When a teen is not in the mood to show their best side, it can be truly astounding how unpleasant and emotionally unavailable they can be. This is a very common complaint among many parents of many teens.
In fact, it is very difficult to diagnose problems in teens because they can all show signs of being mood disordered. But if your teen can still be affectionate, communicative, good-natured and emotionally available at least some of the time, things will probably be fine.
Still, it is certainly a painful problem for most parents of teens and pre-teens that sometimes, they express not only little interest in family life, but worse, complete disregard. Here is a common scenario:
Alexa’s mother has planned a wonderful afternoon for them. They are together in the car on their way to the mall for a hot, sweet beverage, and then for some shopping followed by a little dinner. For mom, this is a great plan, full of indulgences. Alexa sits, slumped over in her seat, so obviously bummed out about the plan that you would think she had just been issued a death sentence.
Alexa’s mother admittedly becomes a little depressed. They had planned this special time together for days. She was really looking forward to it. Finally, she loses it. Her voice tembles with anger as she says the guilt-inducing words: “I thought this would be fun for us.” Her sadness and resentment is so thick in her voice that Alexa shifts uncomfortably in her seat. She looks out of the window, afraid to egg her mother on.
Still, Alexa’s mother continues, her voice getting louder “You have spent every single day with your friends this week, Alexa. You would think one afternoon with your mother would not kill you.” Finally, Alexa responds “Look, I’m here, OK? I wanted to go over to Janine’s house. Brenna is there and they’re going to listen to that new CD, I told you that. Why couldn’t we do this next week?”
For Alexa, being with her mother has become a total drag. And, this feeling is actually dragging her mother down by now. So the teen drags the parent down and the parent drags the teen down and now they are both sitting in the car feeling utterly miserable. This may be nature’s marvelous way of making sure that teens move out of the house and that they get their own lives as quickly as possible.
Despite this all too common scenario, most of the recent studies and literature about teenagers reveal that teens really need to spend quality time with their parents. In fact, it has been repeatedly proven that teens are secretly relieved and glad to have boundaries, curfews, nosy parents, expectations, family time and whatever else would constitute a close parental connection. According to many parents, it is quite a big secret.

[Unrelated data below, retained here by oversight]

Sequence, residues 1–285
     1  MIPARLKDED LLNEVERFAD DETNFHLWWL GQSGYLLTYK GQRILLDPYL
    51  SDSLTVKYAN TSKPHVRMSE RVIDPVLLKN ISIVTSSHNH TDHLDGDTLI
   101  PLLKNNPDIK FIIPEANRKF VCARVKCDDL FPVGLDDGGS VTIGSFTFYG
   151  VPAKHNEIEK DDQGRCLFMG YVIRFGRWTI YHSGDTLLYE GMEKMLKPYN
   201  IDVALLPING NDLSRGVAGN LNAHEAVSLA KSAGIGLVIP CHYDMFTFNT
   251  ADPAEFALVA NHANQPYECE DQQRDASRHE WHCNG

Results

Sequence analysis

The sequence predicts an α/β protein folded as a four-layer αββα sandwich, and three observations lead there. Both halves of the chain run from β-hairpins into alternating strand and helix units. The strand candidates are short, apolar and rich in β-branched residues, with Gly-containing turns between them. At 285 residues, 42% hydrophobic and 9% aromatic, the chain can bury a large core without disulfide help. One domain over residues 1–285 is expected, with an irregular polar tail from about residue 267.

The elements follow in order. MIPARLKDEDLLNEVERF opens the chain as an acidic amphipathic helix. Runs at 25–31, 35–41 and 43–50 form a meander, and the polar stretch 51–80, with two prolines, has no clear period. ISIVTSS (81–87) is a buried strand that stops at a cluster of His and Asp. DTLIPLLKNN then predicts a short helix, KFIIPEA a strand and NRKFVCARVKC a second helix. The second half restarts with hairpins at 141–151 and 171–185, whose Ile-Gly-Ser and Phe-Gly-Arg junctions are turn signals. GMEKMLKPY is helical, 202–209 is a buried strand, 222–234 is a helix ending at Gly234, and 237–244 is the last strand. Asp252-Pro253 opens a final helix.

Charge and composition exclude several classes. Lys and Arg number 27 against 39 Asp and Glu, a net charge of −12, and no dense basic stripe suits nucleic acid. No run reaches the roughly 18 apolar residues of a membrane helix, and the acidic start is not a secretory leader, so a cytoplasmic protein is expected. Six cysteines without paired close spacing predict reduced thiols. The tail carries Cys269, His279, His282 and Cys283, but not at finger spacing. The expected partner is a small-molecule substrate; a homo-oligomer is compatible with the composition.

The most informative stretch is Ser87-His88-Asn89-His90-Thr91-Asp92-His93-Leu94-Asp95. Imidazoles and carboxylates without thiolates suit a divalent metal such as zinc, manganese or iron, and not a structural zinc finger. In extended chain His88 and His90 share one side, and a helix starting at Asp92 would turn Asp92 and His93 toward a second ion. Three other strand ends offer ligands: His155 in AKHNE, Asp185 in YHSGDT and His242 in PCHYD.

Now this is a real freak of nature. How is it possible that so many parents don’t have the feeling that their teens want to stay particularly connected? In fact, most American parents have been taught, until just recently, that teens need to “separate” and “have their own lives” and just be left alone. Some parents have taken respecting teenagers’ needs for independence to such great lengths that they actually withdraw their emotional energies from their children almost completely.
And that is certainly how Alexa’s mother is feeling in the car right now. She now doesn’t particularly want to spend time with Alexa, because let’s face it, Alexa is not exactly what you would call a barrel of laughs. Why bother to extend herself at all if Alexa is going to consistently complain that she has better things to do?
Here now we have a very convoluted scenario. The parent is supposed to stay involved with a teen who does not give off any feeling whatsoever of wanting to be involved with. But we are American parents. We are used to things being convoluted. We understand about ideological complexity; we can handle it. Here is how it happens.
First, we have to come to terms with just how much many teens can become teen-aholics. They can become so immersed in the job of forming and maintaining bonds with their peers, that when they are at home, they naturally seem completely overworked and exhausted. They may have little energy, seem distracted, stressed or just anxious to get back to work.
Many teens don’t even realize that they are stressed, because they are so immersed and busy with their work. They are in denial. When a parent sees a teen who doesn’t want, even for an afternoon, to leave the work of being a teen, they are being exposed to this total-immersion teen-aholic phenomenon.
Once the parent has come to terms with the teen-aholic problem, she must simply ignore it. Finally, parenting advice that is simple and straightforward, like a dream come true: just ignore the child’s feelings completely.
So Alexa’s mother decides to enjoy her hot beverage, some shopping and finally, dinner with her sullen child. She ignores Alexa’s funk entirely as well as any residual feelings of being in a funk herself that may have inadvertently gotten induced, and she starts to chat with Alexa about a neighbor. Pretty soon, Alexa starts to relax. When she is relaxed, she is more likely to be able to temporarily release her grip on the teen-aholicism and just enjoy being a daughter.
So stay relaxed and hope that your teen can relax, rather than allowing your stressed teen to make you stressed. Emotions are contagious, so watch your step. Take a deep breath, take it all in, and when your teen, who loves you and needs you so very much, gives you that hurried, guiltless hug, close your eyes and drink it in. That, right there, is what you absolutely can’t ignore.